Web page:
Susanna comes back without being seen by the Count and the Countess. When the Count doesn’t get an answer from within the closet, he leaves together with the Countess, to get some tools to open the door with. He locks all the doors to prevent the “intruder” from escaping. When they are gone Cherubino jumps through the window and Susanna takes his place in the closet.
When the Count and Countess return, The Countess that Cherubino is in the closet. The Count is furious and draws his sword to kill the page but when the door opens they are both surprised to see Susanna. The Countess explains that it was just a joke and the Count is ashamed of his behaviour. ‘But what about the anonymous letter?’ asks the Count, and the Countess and Susanna explain that it was Figaro who sent it.
Figaro enters ready to start the wedding festivities, but the Count begins to ask him about the anonymous letter. Suddenly, the gardener, Antonio, appears complaining about his flowers being destroyed because someone has jumped from the window. He believes it was Cherubino but Figaro explains that it was he who jumped – and at the same time he hurt his foot. Antonio produces a paper that the running man dropped. He gives it to the Count who orders Figaro to prove that it was he who jumped by identifying the paper.
The Countess and Susanna manages to catch a glimpse of the paper, which is Cherubini’s military assignment, and they also manage to get Figaro to understand that. At that moment Marcellina, Bartolo and Basilio enter the room and demand that Figaro marry Marcellina, since he is unable to pay back the loan. As a consequence the Count postpones the wedding to investigate Marcellina's claim further.
A beautiful hall decorated for the wedding
Alone, The Count is brooding on the situation. Susanna enters and promises to meet him secretly in the garden later that night. When she leaves the Count overhears her telling Figaro that he has won the case. He understands that he has been fooled and decides to punish Figaro through forcing him to marry Marcellina.
At the lawsuit that follows the Count maintains that Figaro has to marry Marcellina, but Figaro maintains that he cannot get married without his parents’ consent. He doesn’t know who his parents are because he was kidnapped from them when he was a baby. He adds that he knows that he is of noble descent thanks to a tattoo on his body. Marcellina and Bartolo ask him about the tattoo and it turns out that he is their illlegitimate son. There are hugs and rejoicing and in the midst of this Susanna arrives with a sum of money to pay back Figaro’s debt. When she sees Figaro and Marcellina embrace each other she turns furious and slaps her future husband’s face. Marcellina explains the situation and Susanna joins the celebrations. Bartolo and Marcellina decide to marry that evening too. When everybody else has left, Barbarina asks Cherubino to go with her home so that they can dress him up as a girl.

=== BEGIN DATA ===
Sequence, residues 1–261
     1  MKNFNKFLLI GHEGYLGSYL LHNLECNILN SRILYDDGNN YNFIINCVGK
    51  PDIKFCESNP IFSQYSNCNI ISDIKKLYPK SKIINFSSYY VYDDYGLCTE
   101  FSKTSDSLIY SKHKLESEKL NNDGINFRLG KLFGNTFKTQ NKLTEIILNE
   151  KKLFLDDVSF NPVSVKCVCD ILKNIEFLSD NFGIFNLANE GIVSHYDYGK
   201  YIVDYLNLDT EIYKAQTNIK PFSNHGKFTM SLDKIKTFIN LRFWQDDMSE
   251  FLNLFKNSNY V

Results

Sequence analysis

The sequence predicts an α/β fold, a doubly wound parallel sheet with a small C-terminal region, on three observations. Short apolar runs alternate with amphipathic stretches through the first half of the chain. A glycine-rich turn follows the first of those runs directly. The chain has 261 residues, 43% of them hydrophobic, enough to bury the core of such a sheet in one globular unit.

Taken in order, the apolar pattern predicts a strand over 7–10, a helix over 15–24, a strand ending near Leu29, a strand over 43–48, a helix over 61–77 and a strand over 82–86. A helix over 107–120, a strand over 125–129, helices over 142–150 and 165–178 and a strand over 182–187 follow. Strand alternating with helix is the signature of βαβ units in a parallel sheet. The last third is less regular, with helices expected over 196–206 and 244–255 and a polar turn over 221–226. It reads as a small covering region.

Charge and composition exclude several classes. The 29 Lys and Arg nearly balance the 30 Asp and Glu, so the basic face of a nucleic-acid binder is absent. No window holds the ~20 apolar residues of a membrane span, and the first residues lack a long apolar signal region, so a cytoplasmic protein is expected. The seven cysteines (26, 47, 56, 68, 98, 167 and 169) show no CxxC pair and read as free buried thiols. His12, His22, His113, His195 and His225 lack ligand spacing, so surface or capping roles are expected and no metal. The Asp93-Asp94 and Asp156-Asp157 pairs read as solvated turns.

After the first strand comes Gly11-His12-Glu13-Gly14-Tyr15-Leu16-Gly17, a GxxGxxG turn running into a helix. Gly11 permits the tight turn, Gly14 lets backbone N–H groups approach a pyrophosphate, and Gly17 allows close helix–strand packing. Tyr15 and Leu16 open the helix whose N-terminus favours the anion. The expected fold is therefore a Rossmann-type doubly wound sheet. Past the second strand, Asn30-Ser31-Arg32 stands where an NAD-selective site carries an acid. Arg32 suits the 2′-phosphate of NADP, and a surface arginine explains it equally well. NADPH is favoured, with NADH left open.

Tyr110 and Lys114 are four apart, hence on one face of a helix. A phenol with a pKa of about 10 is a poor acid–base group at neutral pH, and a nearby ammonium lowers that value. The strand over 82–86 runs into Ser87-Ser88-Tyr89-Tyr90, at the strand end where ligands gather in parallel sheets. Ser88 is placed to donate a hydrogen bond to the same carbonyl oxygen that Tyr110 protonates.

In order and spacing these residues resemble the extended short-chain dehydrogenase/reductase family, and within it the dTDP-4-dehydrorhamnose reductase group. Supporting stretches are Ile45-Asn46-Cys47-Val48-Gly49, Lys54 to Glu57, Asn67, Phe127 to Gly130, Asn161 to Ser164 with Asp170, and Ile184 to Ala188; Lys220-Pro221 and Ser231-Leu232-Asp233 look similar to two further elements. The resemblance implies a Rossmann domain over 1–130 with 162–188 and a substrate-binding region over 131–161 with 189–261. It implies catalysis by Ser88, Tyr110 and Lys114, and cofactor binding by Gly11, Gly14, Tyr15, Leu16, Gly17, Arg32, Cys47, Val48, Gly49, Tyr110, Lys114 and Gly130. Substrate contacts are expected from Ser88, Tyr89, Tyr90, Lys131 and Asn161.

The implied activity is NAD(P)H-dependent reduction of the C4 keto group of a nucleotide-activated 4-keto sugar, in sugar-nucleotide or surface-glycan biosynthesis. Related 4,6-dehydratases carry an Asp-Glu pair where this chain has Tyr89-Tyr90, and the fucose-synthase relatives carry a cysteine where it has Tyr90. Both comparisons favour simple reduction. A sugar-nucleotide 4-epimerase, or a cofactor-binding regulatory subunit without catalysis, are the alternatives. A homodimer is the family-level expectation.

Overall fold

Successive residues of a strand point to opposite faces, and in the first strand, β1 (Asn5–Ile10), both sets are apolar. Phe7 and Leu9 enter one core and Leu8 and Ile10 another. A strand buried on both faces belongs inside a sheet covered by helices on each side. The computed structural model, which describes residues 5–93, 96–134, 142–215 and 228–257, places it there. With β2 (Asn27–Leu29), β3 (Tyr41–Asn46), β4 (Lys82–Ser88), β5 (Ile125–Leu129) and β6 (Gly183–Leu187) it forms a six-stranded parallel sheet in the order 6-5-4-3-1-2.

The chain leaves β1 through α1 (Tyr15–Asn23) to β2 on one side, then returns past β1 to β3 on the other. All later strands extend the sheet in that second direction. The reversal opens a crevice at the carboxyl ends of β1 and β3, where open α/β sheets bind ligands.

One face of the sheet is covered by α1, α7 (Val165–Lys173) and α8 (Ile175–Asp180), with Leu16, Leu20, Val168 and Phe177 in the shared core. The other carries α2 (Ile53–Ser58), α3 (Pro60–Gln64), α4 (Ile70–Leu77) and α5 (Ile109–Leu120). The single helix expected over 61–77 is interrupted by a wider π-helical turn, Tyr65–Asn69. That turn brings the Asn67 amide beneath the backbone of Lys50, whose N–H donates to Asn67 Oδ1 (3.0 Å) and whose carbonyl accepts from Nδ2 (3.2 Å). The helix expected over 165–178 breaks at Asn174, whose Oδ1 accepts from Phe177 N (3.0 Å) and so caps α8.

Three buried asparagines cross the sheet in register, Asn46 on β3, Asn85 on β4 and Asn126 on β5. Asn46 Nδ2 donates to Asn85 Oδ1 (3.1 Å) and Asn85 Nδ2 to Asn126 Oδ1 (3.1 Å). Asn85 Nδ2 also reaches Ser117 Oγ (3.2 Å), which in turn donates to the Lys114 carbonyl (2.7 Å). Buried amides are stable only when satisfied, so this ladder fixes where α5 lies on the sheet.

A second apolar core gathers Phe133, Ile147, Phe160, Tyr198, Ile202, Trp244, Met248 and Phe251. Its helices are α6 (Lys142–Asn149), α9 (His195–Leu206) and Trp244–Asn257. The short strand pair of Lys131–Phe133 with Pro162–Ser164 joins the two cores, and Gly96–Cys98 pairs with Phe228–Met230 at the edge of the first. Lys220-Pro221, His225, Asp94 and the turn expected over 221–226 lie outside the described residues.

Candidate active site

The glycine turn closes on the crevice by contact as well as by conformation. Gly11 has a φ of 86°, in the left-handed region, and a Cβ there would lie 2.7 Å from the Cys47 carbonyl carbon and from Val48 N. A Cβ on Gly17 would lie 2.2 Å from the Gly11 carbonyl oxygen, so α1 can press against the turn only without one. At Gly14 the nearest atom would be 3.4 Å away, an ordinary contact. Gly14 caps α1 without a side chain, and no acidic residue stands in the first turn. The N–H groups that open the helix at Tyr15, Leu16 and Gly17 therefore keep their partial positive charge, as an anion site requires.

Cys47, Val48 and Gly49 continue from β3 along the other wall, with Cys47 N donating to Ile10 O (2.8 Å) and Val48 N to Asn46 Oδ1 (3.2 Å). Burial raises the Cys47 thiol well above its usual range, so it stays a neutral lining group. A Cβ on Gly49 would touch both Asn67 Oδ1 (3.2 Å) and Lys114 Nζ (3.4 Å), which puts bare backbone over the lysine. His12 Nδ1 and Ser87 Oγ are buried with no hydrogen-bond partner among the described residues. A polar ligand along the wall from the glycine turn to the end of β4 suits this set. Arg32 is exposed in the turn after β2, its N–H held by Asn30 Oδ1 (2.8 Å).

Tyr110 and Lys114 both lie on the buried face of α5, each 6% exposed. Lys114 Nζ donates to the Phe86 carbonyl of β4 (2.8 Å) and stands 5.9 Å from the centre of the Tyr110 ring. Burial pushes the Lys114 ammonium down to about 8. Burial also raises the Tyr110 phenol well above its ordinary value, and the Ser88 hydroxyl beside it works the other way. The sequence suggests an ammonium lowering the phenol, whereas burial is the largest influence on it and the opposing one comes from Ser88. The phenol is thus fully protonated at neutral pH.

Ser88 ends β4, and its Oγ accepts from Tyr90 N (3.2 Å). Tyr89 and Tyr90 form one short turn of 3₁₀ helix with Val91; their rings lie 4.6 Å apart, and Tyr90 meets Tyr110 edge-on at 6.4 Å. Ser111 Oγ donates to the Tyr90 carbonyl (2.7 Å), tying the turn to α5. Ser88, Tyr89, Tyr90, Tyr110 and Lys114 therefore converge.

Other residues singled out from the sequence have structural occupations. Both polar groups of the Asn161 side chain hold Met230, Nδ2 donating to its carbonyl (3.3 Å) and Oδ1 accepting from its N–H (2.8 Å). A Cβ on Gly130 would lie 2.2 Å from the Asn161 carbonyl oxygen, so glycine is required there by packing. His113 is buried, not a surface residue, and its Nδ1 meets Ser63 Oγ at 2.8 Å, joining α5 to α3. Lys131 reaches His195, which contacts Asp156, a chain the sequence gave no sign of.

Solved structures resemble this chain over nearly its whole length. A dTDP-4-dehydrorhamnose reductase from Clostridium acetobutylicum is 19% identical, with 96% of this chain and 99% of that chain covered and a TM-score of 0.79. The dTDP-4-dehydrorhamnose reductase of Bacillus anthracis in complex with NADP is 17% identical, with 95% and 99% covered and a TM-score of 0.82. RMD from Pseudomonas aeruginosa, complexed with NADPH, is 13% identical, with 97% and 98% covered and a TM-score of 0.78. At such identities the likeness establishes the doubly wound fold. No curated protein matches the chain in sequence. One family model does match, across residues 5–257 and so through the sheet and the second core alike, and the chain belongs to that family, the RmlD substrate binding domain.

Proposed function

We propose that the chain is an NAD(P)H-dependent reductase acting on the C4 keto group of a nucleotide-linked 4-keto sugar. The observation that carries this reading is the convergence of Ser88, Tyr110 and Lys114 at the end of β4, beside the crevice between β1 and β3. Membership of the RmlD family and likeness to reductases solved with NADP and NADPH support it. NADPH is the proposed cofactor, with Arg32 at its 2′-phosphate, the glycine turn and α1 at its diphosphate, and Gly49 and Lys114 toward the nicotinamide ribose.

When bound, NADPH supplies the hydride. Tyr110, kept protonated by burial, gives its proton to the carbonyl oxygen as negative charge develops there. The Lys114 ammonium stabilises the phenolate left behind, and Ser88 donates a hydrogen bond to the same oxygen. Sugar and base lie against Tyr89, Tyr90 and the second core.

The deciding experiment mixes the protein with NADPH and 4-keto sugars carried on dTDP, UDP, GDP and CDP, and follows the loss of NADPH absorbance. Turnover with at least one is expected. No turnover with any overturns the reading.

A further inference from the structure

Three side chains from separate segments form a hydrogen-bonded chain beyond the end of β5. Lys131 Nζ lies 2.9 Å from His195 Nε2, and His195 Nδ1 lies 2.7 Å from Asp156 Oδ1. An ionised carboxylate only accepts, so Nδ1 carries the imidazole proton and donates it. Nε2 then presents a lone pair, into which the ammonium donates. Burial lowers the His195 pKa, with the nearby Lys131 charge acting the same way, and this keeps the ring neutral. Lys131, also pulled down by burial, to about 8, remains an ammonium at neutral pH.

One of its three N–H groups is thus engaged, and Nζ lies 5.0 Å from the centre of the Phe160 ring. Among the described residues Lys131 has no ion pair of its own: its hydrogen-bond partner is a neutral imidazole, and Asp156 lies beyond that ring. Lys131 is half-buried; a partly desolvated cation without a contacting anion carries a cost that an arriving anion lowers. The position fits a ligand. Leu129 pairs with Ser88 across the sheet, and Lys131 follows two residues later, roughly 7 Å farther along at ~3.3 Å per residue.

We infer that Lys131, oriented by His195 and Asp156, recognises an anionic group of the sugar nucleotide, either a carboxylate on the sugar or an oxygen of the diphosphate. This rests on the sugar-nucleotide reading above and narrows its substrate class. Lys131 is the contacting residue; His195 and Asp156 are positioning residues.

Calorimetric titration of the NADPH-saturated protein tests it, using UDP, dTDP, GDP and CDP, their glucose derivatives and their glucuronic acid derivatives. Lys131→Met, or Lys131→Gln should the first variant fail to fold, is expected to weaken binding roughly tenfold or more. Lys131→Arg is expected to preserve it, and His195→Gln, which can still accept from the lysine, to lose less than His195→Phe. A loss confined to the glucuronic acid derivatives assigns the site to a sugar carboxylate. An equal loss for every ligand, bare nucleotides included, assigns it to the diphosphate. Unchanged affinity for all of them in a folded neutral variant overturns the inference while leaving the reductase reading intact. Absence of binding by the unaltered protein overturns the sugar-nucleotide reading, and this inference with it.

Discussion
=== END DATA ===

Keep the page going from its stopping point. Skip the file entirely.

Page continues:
The Countess is heartbroken, her happiness is gone. Antonio tells the Count that Cherubino is still in the house. Susanna arrives and the Countess dictates a letter for Susanna to send to the Count, asking him to meet her in the garden and to bring the pin with which the letter is sealed.
A group of country girls, including the disguised Cherubino, come to honour the Countess with a serenade. The Count enters and becomes furious when he discovers Cherubino. Barbarina intervenes and reminds him that he promised to fulfil her wishes in exchange for some favours and now asks him to allow her to marry Cherubino. The Count, deeply embarrassed, agrees.
The act ends with the double wedding and everyone rejoicing.
The garden at night
Poor Barbarina laments that she has lost the pin, which sealed the letter from Susanna to the Count. She was supposed to give it back to Susanna. Figaro, who passes by, asks her why she's upset. When she tells him he turns furious from jealousy. He complains to his mother and explains that he wants revenge. Marcellina tries to calm him down, but he won’t listen. Figaro leaves and Marcellina decides to inform Susanna about his anger.
Figaro returns, still bitter towards not only Susanna, but all women. The Countess and Susanna arrive, dressed in each other’s clothes. Susanna, who knows that Figaro is listening, sings a love song to her beloved, and Figaro naturally believes the song is addressed to the Count, and is even more jealous than before.
Cherubino turns up and starts flirting with the Countess, believing she is Susanna. The Count, who also is present in the darkness, tries to get rid of the page and aims a blow at him which unfortunately hits Figaro, who is eaves-dropping. Cherubino runs away.
The Count, not recognising his wife, the Countess, tries to seduce “Susanna” and gives her a valuable ring. They disappear.
The real Susanna enters, in the Countess’s clothes, and Figaro at first addresses her with reverence, but soon understands that it is Susanna. He decides to tease her by proposing that they should make love immediately. Susanna turns furious and hits him repeatedly, until Figaro explains that he recognised her voice and that it was all just a joke. They make peace but decide to continue with the prank.